Icm_leg   + M*bsp_D.loc['Leg',  'Mass']*norm(r[3]-rcm_leg  )**2 + \
          Icm_thigh + M*bsp_D.loc['Thigh','Mass']*norm(r[3]-rcm_thigh)**2)

print('Ihip lower limb: ', np.around(Ihipll, 3), 'kgm2')
Ihip lower limb:  3.317 kgm2

Note that for the correct use of the parallel axis theorem we have to input the moment of inertia around the center of mass of each body. For example, we CAN NOT calculate the moment of inertia around the hip with the moment of inertia of the entire lower limb:

In [14]:
# THIS IS WRONG:
I = (Icm_foot  + M*bsp_D.loc['Foot', 'Mass']*norm(r[3]-rcm)**2 + \
     Icm_leg   + M*bsp_D.loc['Leg',  'Mass']*norm(r[3]-rcm)**2 + \
     Icm_thigh + M*bsp_D.loc['Thigh','Mass']*norm(r[3]-rcm)**2)

print('Icm lower limb: ', np.around(I, 3), 'kgm2. THIS IS WRONG!')
Icm lower limb:  2.324 kgm2. THIS IS WRONG!

Center of buoyancy

Center of buoyancy is the center of the volume of water which the submerged part of an object displaces. Center of buoyancy is to center of volume as center of gravity is to center of mass.

For the human body submerged in water, because different parts of the body have different densities, the center of buoyancy is at a different place than the center of gravity, see for example Yanai and Wilson (2008).

Center of gravity and center of buoyancy.
Figure. Forces of gravity and buoyancy acting respectively on the center of gravity and center of buoyancy in a submerged human body (figure from Yanai and Wilson (2008)).

Further reading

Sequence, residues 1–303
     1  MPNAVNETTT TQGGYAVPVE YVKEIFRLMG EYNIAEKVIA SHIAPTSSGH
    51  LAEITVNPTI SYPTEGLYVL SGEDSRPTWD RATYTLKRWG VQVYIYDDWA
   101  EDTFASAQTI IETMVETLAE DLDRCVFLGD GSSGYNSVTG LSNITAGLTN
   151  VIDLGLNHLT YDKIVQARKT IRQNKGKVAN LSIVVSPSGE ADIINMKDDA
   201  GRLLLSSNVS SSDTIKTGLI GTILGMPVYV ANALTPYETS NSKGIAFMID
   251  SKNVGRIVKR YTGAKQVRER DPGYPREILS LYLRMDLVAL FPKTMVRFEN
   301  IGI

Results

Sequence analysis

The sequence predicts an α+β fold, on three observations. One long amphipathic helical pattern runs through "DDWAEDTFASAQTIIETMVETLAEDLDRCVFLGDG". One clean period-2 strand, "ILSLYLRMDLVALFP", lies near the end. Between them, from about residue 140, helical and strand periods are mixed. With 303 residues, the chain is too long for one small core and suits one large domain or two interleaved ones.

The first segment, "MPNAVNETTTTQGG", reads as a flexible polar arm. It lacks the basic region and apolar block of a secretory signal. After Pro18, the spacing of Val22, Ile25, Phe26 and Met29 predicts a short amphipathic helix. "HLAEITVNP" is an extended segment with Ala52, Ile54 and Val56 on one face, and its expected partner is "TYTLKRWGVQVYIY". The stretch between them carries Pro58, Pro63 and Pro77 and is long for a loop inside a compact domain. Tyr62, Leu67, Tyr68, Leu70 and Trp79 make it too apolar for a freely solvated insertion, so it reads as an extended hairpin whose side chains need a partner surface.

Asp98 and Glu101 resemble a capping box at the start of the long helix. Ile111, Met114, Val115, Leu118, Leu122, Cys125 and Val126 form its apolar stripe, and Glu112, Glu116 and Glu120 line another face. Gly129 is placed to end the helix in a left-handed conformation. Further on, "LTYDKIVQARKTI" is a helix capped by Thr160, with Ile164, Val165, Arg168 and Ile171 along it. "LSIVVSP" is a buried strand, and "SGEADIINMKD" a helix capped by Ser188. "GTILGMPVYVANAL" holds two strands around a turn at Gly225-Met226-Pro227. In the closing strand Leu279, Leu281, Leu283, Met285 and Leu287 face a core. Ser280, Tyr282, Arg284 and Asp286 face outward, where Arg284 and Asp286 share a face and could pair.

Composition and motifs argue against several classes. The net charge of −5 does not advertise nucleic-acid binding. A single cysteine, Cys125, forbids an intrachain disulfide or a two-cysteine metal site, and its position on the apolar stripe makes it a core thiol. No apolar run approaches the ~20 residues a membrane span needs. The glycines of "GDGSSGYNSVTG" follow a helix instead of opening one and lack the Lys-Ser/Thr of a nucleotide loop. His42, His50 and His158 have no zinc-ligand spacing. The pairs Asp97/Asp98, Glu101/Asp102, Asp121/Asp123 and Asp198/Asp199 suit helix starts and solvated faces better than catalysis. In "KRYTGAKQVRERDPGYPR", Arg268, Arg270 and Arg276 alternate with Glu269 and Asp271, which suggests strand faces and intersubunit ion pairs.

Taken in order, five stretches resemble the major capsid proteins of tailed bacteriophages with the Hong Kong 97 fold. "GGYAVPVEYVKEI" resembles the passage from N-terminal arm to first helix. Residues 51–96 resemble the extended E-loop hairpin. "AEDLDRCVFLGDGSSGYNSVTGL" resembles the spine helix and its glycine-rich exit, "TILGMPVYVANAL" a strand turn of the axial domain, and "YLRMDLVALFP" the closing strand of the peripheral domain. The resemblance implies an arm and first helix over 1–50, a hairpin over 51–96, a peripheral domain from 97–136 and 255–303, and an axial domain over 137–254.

Problems

  1. Take a picture at the frontal plane of somebody standing on one foot on tiptoes with the arms and the other leg abducted at the horizontal.

    1. Estimate the body center of mass of this person. Hint: for simplicity, consider the center of mass of each segment to be located at the middle of the segment and measure these positions using a image digitizer, e.g., WebPlotDigitizer.
    2. If the person is almost standing still, through which part of the body a vertical line through the center of mass should necessarily pass? Have you obtained this result? Comment on possible differences between the expected and obtained results.
  2. Consider the kinematic data from table A.1 of the Winter's book (Winter, 2009) used in problem 2 of the notebook Angular kinematics in a plane (2D).

    1. Calculate the center of mass position for each segment and for the whole body (beware that no data are given for the head and arms segments) using the Dempster's and Zatsiorsky's models.
    2. Perform these calculations also for the moment of inertia (of each segment and of the whole body around the corresponding centers of mass).
  3. Consider the following positions of markers placed on a leg (described in the laboratory coordinate system with coordinates $x, y, z$ in cm, the $x$ axis points forward and the $y$ axes points upward): lateral malleolus (lm = [2.92, 10.10, 18.85]), medial malleolus (mm = [2.71, 10.22, 26.52]), fibular head (fh = [5.05, 41.90, 15.41]), and medial condyle (mc = [8.29, 41.88, 26.52]). Define the ankle joint center as the centroid between the lm and mm markers and the knee joint center as the centroid between the fh and mc markers (same data as in problem 1 of the notebook Rigid-body transformations (3D)). Consider that the principal axes of the leg are aligned with the axes of the respective anatomical coordinate system.

    1. Determine the center of mass position of the leg at the anatomical and laboratory coordinate systems.
    2. Determine the inertia tensor of the leg for a rotation around its proximal joint and around its center of mass.

References